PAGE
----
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1. Global Compact For Migration

1.1. Brief background

  • In 2016, UN General Assembly adopted New York Declaration for Refugees and Migrants which calls upon Member States to: o protect the safety, dignity, human rights and fundamental freedoms of all migrants, regardless of their migratory status;

  • o support countries rescuing, receiving and hosting large numbers of refugees and migrants;

  • o integrate migrants – addressing their needs and capacities as well as those of receiving communities – in humanitarian and development assistance frameworks and planning;

  • o combat xenophobia, racism and discrimination towards all migrants;

  • o develop, through a state-led process, non-binding principles and voluntary guidelines on the treatment of migrants in vulnerable situations; and

  • o strengthen global governance of migration, including by bringing International Organization for Migration into the UN family and through the development of a Global Compact for Safe, Orderly and Regular Migration.

  • As a result, the members are expected to formally adopt Global Compact for Migration in Morocco in December.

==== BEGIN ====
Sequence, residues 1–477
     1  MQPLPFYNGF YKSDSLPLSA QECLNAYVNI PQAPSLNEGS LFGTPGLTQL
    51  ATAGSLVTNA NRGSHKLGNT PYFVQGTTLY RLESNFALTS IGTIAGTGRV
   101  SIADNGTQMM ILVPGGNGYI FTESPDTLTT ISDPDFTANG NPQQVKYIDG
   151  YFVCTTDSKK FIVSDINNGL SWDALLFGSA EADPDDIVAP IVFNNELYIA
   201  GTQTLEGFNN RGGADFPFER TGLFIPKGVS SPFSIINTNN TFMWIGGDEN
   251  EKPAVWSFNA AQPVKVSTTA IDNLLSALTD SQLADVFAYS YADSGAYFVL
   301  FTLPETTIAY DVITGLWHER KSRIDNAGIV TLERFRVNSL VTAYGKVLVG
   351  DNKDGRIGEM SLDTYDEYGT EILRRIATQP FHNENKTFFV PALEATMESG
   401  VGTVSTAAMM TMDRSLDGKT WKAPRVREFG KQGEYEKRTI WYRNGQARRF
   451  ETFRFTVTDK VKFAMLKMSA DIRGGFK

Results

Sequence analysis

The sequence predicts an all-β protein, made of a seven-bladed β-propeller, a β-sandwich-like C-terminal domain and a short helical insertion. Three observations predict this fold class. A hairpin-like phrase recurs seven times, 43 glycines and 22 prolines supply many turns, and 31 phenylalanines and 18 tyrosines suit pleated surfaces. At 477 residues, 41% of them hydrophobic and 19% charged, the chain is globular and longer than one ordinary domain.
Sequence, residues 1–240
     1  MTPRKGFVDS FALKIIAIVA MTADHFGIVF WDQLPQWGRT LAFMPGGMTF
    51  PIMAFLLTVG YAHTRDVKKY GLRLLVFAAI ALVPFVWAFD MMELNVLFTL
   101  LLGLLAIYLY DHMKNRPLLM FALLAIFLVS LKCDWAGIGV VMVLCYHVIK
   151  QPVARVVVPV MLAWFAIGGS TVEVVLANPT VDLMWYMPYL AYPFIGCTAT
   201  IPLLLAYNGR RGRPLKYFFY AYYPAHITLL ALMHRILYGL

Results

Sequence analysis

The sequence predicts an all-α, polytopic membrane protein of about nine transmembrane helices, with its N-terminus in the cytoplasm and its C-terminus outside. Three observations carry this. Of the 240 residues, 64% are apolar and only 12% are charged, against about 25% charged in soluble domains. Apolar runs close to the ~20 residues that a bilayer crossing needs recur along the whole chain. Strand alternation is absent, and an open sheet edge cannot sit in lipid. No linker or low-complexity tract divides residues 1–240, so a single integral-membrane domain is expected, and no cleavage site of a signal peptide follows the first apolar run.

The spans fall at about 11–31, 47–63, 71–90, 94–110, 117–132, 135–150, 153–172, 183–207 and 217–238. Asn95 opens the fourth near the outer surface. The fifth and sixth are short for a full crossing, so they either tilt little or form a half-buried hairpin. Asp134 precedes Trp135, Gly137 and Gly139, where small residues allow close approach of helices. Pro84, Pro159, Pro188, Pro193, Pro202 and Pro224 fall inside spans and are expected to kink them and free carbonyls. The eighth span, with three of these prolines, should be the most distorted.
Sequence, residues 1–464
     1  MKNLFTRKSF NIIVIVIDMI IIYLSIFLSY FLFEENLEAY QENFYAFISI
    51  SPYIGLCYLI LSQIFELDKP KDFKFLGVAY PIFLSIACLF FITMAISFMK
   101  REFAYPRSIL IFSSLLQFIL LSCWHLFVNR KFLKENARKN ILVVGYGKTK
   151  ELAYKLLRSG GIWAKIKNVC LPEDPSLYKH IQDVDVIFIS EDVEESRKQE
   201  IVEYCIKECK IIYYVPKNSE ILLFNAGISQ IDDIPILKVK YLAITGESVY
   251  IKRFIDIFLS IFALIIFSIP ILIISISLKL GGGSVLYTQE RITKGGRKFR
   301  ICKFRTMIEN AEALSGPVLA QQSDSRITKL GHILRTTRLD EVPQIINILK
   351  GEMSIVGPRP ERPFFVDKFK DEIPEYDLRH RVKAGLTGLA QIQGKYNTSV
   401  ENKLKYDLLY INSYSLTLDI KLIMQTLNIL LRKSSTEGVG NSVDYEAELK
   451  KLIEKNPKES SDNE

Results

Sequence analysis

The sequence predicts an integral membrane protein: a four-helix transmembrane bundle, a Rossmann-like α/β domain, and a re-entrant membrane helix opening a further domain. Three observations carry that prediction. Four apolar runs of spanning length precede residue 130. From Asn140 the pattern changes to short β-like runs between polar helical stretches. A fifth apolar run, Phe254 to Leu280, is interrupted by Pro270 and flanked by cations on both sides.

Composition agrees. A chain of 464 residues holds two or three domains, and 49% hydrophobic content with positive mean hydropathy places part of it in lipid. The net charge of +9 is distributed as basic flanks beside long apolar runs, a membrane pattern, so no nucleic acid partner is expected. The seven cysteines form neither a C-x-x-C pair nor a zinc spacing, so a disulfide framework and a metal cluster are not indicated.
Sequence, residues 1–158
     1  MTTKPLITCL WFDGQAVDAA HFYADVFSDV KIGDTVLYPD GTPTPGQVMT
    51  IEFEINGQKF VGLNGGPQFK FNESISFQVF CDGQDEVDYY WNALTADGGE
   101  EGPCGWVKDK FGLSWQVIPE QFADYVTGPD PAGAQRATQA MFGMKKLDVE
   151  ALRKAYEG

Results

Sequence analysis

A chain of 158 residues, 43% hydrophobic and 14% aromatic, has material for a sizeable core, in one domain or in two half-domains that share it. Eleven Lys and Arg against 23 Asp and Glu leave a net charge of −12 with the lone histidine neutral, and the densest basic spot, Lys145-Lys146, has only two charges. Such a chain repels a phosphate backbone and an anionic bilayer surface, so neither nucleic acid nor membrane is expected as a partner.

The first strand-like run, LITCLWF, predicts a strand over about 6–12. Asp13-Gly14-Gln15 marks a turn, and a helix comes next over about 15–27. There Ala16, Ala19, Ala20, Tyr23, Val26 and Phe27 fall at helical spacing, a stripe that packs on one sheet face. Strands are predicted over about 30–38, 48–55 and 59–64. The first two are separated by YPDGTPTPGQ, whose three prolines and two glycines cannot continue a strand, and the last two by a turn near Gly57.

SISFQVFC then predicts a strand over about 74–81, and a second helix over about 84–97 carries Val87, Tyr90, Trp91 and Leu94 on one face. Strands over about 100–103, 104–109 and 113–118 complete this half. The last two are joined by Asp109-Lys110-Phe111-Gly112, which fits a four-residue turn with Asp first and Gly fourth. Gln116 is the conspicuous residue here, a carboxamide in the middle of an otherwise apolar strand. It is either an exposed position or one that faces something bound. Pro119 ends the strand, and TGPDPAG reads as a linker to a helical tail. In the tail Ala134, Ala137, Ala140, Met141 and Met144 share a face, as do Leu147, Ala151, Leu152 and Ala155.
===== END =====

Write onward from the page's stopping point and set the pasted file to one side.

• The New York Declaration also set in motion a separate negotiation process for the Global Compact on Refugees which aims to o Ease the pressures on host countries

  • o Enhance refugee self-reliance

  • o Expand access to third-country solutions

  • o Support conditions in countries of origin for return in safety and dignity.

1.2.  About Global Compact for Migration

Principles of Global Compact for Migration

  • People-centred approach: promotes the well-being of migrants and the members of communities in countries of origin, transit and destination.

  • National sovereignty: safeguards the sovereign right of States to determine their own migration policy.

  • Rule of law and due process.

  • Sustainable development: aims to leverage the potential of migration for achievement of Sustainable Development Goals.

  • Human rights: upholds the principles of non-regression and non-discrimination.

  • Gender-responsiveness.

  • Child-sensitive.

  • Whole-of-government approach: ensure policy coherence across all sectors and levels of government.

  • Whole-of-society approach: promotes multi-stakeholder partnerships.

  • It is framed in consistent with target 10.7 of the SDG in which Member States committed to cooperate internationally to facilitate safe, orderly and regular migration.